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Alert: If You Always Avoid Things You Fear, You May Have This Issue

Alert: If You Always Avoid Things You Fear, You May Have This Issue

Most of us can relate to wanting to avoid things that make us uncomfortable – situations, people, and even work. Sometimes, we deliberately find ways to get out of confronting whatever makes us feel ill at ease. But Avoidant Personality Disorder is much more than just this.

Unlike other Cluster C personality disorders that may sound more familiar, Avoidant Personality Disorder is not as well known. The National Institute of Mental Health [1] estimates that around 5% of adults in the USA have it. It is characterized by patterns of social inhibition, feelings of inferiority or inadequacy, and sensitivity to negative responses. And as its name indicates, individuals tend to avoid situations that trigger those emotions.

Signs of Avoidant Personality Disorder [2]

  • Reluctance to be involved with people unless certain they will be liked.
  • Avoidance of activities (whether professional or personal) that would require significant contact with others due to fear of rejection or criticism.
  • Unwillingness to try new things due to shyness or feelings of inadequacy, particularly in social situations.
  • Sensitivity to criticism, rejection, or disapproval.
  • Difficulty with building intimate relationships because of fears and insecurities.
  • Feelings of being socially inept, inferior, or unappealing to others. As a result, there are tendencies to have extremely low self-esteem.

What Causes It?

The cause of Avoidant Personality Disorder is still undiscovered, but scientists believe that it may stem from genetics or as a result of childhood environments, such as experiencing emotional neglect from parents or peers.

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What is known, however, is that symptoms first start manifesting from infancy or early childhood. The child will display shyness, isolation, or discomfort with new places or people. Often times, children who do exhibit these tendencies grow out of it, but those with the disorder will become even more shy and isolated with age.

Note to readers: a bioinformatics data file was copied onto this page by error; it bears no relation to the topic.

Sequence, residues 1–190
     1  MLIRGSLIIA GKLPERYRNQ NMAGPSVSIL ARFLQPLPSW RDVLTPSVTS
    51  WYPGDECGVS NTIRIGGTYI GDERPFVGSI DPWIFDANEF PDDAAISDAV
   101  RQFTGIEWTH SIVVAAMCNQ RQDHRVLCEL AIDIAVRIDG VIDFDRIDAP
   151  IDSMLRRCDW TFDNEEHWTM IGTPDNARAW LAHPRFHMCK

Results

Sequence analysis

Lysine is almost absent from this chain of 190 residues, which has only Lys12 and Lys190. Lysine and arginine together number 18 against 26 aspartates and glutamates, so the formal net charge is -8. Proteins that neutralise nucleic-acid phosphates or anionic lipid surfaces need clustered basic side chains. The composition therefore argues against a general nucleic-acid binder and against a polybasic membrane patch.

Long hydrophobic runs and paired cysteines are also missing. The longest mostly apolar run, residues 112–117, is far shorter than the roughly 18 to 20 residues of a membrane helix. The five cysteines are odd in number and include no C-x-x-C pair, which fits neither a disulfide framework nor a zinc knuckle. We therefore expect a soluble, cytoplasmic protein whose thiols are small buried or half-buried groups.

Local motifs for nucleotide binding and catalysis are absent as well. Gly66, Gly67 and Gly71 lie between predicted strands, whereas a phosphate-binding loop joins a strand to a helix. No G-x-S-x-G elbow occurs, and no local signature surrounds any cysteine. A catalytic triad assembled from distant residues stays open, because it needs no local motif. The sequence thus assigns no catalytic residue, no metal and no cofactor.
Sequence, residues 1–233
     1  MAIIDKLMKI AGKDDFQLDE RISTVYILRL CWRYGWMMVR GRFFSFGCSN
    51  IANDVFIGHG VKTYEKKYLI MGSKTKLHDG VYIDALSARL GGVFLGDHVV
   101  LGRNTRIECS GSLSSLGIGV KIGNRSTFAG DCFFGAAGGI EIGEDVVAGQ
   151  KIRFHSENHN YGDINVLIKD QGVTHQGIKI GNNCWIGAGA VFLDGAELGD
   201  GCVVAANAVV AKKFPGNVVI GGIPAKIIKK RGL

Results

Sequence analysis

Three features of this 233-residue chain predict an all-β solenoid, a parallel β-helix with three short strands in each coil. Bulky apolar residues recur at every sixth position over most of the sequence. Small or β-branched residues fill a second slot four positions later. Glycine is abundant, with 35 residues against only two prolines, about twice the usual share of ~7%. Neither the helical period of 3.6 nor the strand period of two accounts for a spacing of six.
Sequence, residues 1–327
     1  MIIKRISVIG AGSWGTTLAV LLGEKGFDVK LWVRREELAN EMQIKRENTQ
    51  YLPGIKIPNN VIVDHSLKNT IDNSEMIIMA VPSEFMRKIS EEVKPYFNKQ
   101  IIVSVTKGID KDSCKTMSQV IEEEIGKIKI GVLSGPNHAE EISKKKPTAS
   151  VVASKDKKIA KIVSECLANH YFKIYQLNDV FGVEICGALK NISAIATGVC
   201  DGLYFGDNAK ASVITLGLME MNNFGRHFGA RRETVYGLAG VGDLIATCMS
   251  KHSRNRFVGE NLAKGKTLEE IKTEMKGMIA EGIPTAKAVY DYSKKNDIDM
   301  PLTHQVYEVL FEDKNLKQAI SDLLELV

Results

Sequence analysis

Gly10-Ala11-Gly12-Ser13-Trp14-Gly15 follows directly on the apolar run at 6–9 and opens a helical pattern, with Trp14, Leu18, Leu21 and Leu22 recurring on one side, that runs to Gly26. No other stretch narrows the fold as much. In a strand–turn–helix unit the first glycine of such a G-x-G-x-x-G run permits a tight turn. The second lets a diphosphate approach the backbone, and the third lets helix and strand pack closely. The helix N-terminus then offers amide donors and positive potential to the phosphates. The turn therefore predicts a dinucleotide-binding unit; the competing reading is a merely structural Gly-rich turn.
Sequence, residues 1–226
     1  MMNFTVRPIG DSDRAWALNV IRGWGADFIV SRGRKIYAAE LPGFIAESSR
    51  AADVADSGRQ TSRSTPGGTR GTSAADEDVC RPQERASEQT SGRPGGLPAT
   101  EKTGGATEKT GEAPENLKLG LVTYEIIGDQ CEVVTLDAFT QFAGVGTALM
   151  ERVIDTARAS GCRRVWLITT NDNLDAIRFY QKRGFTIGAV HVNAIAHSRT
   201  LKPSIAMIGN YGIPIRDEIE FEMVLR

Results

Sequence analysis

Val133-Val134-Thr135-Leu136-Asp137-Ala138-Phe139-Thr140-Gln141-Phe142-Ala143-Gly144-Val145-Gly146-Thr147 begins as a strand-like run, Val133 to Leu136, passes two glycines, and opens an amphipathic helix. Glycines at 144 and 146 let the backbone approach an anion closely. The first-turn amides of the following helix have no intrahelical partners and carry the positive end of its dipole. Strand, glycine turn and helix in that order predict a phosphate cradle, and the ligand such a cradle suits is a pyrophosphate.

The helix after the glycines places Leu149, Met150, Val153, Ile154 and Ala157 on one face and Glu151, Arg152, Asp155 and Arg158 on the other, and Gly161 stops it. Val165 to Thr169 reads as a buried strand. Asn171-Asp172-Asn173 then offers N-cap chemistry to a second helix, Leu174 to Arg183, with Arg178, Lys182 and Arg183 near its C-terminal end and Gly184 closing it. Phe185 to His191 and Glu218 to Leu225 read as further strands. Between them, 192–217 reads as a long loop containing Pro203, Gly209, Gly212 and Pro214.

Having Avoidant Personality Disorder creates quite a limiting existence for those who have it. It causes physical, emotional, psychological, and social restrictions that affect day-to-day life. It proves to be challenging for both the person who has it and those around them. Learning more the disorder would enable you to help someone who may be affected. And the good news is that there are things that can be done to improve life quality.

Is there a cure for Avoidant Personality Disorder ?

There is no “cure” per se, however, the right treatment [3] can certainly improve the standard of living for sufferers and their loved ones.

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Therapy

Finding a psychotherapist who specializes in this particular field is said to be quite helpful. It will assist with addressing the underlying issues and promoting better dynamics in both personal and professional life.

Building rapport may be initially difficult for the person, so it would be normal for someone with this disorder to feel like they want to stop the treatment in the early stages. But once trust is formed, the relationship will help to create a stable environment where the issues can be confronted.

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Cognitive Behavioral Therapy

Cognitive behavioral therapy (CBT) is a type of therapy where the specialist places a lot of emphasis on the thought process, in particular, the beliefs that harbor negative or unhealthy feelings. The objective is to test those ideas in a more rational way and examine if there is any factual evidence for them. Patients may be invited to write down their thoughts and examine how they can replace these views with something more positive.

Medication

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There is currently no medication that is specific for Avoidant Personality Disorder, but doctors can prescribe things such as antidepressants for depression or anxiety, which are often common among those with the disorder.

Featured photo credit: Pixabay via pixabay.com

Reference

[1] National Institute of Mental Health: Avoidant Personality Disorder
[2] Psych Central: Avoidant Personality Disorder Symptoms
[3] Healthline: Avoidant Personality Disorder

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J.S. von Dacre

Writer at Lifehack

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Last Updated on October 14, 2020

Psychologists Say It’s Really Possible To Change Our Personality

Psychologists Say It’s Really Possible To Change Our Personality

Do you feel that you can become a better person, but your personality is hindering you from doing so?

Are you one of those people who is making a conscious effort to change, but no matter how hard you try, you remain a prisoner of your personality traits?

Don’t lose hope – it is indeed possible to change your personality!

Personality Crisis

According to the widely accepted model of personality with over 50 years worth of research and study, there are five dimensions of our personality, known as the “Big Five:”

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  • Extraversion: People with high levels of this personality dimension are much more outgoing and tend to be more comfortable in social situations compared to others.